For claims on or before 30th April 2021, employers can choose to re-hire any staff made redundant after 23rd September 2020 and put them on furlough, as long as the employer made a PAYE RTI submission to HMRC in relation to that employee between 20th March 2020 and 23rd September 2020.

However, for claim periods starting on or after 1st December 2020, employers cannot claim for any days where a furloughed employee was serving a contractual or statutory notice period.

There is no obligation on employers to re-employ staff.

Apprenticeships
A further announcement made by the Chancellor is that the Apprentice grant has been doubled to £3,000 for any business taking on an apprentice under the Government apprenticeship scheme. This is an increase from £1,500.

If you require support with the matters above or any other Employment Law support please feel free to get in touch at http://www.orchardemploymentlaw.co.uk

Employer Responsibilities After Brexit

Now that the UK has officially left the EU, employers may be wondering what if anything they need to do about current and future staff who are  EU nationals. This blog is a whistle stop tour on where we are and what we need to do next.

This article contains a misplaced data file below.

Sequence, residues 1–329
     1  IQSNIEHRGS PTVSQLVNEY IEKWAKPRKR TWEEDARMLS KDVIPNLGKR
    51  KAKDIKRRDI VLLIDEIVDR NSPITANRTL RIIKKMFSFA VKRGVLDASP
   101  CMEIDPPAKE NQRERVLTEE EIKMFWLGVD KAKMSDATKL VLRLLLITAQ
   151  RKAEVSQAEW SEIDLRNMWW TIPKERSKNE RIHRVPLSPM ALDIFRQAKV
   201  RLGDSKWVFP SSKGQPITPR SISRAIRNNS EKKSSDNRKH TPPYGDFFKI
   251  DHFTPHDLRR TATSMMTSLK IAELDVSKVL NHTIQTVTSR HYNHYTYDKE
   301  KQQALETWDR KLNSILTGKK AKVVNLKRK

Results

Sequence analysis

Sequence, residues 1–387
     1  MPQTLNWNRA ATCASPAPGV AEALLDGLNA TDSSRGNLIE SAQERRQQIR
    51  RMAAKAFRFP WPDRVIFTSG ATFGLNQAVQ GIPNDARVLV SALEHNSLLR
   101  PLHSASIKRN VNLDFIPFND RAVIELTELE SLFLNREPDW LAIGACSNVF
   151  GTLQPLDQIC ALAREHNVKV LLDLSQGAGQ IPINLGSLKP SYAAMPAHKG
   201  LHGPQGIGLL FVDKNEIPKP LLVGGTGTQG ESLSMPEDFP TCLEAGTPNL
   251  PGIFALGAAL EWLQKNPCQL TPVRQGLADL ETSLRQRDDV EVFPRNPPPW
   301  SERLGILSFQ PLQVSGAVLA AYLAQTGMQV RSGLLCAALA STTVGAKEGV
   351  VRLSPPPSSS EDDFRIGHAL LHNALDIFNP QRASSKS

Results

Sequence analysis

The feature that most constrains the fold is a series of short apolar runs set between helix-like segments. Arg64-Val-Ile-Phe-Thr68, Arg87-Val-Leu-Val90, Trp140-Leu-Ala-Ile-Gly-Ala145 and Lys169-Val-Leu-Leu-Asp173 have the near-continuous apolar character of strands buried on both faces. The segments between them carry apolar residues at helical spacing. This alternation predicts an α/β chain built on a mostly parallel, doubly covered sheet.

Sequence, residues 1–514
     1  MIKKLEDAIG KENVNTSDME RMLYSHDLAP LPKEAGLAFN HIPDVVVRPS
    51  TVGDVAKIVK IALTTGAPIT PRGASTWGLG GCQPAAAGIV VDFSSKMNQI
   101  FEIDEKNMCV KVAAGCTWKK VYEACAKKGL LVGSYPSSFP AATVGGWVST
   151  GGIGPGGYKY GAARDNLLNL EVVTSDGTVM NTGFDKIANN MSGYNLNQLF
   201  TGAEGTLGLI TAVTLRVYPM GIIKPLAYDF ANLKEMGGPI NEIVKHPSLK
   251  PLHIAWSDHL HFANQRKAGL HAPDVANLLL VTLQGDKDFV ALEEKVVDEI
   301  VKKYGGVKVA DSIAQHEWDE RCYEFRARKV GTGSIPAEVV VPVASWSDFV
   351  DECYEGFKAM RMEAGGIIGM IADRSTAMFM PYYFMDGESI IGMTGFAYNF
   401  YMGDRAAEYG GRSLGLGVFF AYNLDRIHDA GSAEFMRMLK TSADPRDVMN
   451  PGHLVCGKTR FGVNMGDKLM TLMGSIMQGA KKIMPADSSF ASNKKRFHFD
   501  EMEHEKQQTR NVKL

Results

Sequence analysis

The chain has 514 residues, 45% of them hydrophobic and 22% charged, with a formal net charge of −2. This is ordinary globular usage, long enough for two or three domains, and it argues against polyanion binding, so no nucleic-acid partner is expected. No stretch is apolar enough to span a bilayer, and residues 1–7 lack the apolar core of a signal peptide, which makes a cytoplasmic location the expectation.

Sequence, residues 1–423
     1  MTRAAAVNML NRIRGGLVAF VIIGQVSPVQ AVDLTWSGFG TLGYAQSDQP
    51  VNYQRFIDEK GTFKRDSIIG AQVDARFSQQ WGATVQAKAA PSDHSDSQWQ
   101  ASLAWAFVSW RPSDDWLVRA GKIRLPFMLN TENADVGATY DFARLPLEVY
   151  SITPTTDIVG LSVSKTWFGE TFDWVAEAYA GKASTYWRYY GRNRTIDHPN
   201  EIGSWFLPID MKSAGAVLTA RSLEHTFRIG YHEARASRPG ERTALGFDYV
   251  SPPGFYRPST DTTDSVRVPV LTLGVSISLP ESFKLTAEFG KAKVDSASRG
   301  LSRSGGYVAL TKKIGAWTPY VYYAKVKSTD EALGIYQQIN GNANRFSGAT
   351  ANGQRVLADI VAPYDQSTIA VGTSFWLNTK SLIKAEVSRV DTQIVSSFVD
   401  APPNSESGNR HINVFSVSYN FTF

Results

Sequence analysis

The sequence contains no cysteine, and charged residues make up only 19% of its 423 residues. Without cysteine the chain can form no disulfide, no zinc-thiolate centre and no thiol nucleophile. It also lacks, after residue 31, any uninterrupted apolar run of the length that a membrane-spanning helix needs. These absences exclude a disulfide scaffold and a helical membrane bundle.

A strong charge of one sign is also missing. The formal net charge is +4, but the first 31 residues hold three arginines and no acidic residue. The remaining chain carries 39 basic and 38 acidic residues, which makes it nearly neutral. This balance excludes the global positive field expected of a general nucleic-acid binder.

Audit

The first step is to access whether any of your staff are directly impacted by Brexit. This means doing an audit of your staff to see how many EU nationals you currently have working for you. 

Remind and Encourage

All EU nationals who were in the UK up until 31st December 2020 are able to apply for an imingration status which will allow them to continue to have the right to work and live in the UK. 

There are two types of status which EU nationals can apply for and they are known as Settled and Pre-Settled.

Settled status is available to people who have been in the UK for 5 years or more.  Settled status allows EU nationals to work and live in the UK indefinitely providing they do not leave the UK for a period longer than 5 years.